In this year’s 6 Nations, we have noticed a trend of building a gameplan around defence. England used this style of play to beat Ireland, backing their rush defence to do the business around the park. The Highlanders defence is striking a similar chord in Super Rugby, and have almost mastered the art of building a defence-first gameplan.
Let’s find out how this can be achieved, and how close they are to getting it right.
Preventing Front-Foot Ball | Highlanders Defence
When building a game-plan around defence, it has to start with defensive dominance at set-pieces. Below the Hurricanes are in a fantastic attacking position, but the Highlanders turn it on its head by utterly destroying their scrum.
Jordie Barrett does very well to make up the lost ground, and the Highlanders wouldn’t let their dominant scrum go to waste again. This time the Hurricanes are stuck on their own 5m line. The Scrum is again annihilated, and this time Aaron Smith is switched on defensively.
Once Smith has Savea in his grip, the Hurricanes are on the back foot and in serious trouble. The Highlanders storm the ruck, grab the turnover and Smith darts over for a deserved try.
These defensive scrums build the foundation for a defence-first strategy. After starting out the back foot, your opposition will have to expend much more energy to gain the advantage back.
Let’s look at how the Highlanders reinforced their dominance further out in their defensive line.
Stopping the Third Pass | Highlanders Defence
A good rush defence will cut off the centre of the field, preventing the opposition from making their third pass. We have already discussed how the Chiefs seriously struggled to beat the Crusaders rush defence this round, and you can check out what happened below.
In this game, however, the Highlanders managed to stop the third pass to a large degree. Below the Hurricanes are in the Highlanders red-zone, but Buckman gets up quickly to stop Laumape dead after two passes.
In this next clip, the Highlanders busy-up the maul, drawing in much of the Hurricanes attackers. Once the ball goes wide only Barrett and Lam are ready to attack, and Barrett has no real choice but to dab a speculative kick through the line.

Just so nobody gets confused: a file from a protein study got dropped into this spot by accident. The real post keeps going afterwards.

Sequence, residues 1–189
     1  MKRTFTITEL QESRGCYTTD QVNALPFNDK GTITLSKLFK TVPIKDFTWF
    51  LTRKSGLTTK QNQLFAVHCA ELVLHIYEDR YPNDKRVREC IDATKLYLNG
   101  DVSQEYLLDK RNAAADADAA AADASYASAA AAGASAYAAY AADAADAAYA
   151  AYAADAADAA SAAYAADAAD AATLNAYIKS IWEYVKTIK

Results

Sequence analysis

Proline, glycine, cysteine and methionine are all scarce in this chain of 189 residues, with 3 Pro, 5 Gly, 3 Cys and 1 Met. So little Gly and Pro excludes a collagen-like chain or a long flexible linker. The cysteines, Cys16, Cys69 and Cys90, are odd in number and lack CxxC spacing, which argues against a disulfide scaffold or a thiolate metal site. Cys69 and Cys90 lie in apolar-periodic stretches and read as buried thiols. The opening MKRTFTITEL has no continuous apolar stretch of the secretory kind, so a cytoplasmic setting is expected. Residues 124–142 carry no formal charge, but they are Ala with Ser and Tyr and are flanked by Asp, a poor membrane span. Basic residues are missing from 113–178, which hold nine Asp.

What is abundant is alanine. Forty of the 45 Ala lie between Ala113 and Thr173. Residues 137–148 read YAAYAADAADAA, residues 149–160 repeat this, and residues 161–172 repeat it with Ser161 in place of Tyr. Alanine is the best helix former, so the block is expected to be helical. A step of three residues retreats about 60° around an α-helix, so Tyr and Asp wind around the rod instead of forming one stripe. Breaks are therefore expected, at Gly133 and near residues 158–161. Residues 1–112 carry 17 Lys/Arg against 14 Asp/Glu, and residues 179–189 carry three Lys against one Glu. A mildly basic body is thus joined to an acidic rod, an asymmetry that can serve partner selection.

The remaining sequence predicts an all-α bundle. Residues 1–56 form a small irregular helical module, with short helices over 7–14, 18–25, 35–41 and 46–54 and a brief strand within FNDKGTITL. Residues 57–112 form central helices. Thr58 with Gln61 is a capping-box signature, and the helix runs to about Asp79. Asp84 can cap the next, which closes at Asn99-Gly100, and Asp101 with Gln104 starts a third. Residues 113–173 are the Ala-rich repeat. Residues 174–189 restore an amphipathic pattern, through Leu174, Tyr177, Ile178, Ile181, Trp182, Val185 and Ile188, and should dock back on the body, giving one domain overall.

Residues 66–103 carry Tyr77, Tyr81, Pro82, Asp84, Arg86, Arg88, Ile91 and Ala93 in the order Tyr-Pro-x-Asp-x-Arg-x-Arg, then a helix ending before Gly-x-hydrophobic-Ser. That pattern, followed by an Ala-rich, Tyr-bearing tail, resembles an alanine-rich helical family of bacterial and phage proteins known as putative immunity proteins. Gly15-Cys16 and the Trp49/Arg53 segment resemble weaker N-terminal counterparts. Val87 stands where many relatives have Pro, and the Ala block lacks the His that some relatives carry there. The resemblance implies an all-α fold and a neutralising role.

This is another good example of making the opposition play with poor-quality ball.
By the time we reach the second half, the Highlanders have nailed down their rush defence and are doing an even better job of preventing the third pass.
Below the Hurricanes again get two passes in before Tomkinson completely blocks off the third, grabbing an intercept to score.
These moments kept the Highlanders in a close contest, but there are very good reasons why their defence-first tactics didn’t win them this game.
Why the Highlanders Didn’t Win | Highlanders Defence
There are a few key areas that the Highlanders need to patch if they do truly intend to play with a distinctly Northern Hemisphere approach like this. The first is a common issue with rush defences.
Watch below as a gap appears between the defender closest to the ruck (the pillar defender) and the rest of the defensive line. We have highlighted who they should be marking, but Perenara’s lateral run messes with the system.
Mitchell is off through the resulting gap, and Laumape runs a perfect support line to score. The Highlanders need to ensure this gap isn’t opening in future. They will need to get their line moving as one.
Another aspect that the Highlander’s weren’t prepared for was the Hurricanes attacking kicks. We saw what happened earlier when Barrett was forced into a 50/50 kick, but the odds are much higher with this one.
We have already discussed why this exact kick worked in our article on How NOT to beat a rush defence. But needless to say, the Highlanders need to fill this gap with a defender.
So can this defence win a Super Rugby title? It’s certainly a possibility in the future, but only if they get it right.
Do you think this distinctly Northern Hemisphere style has a place in Super Rugby? Let us know your thoughts.
Author: The 1014 Rugby and Henry Stokes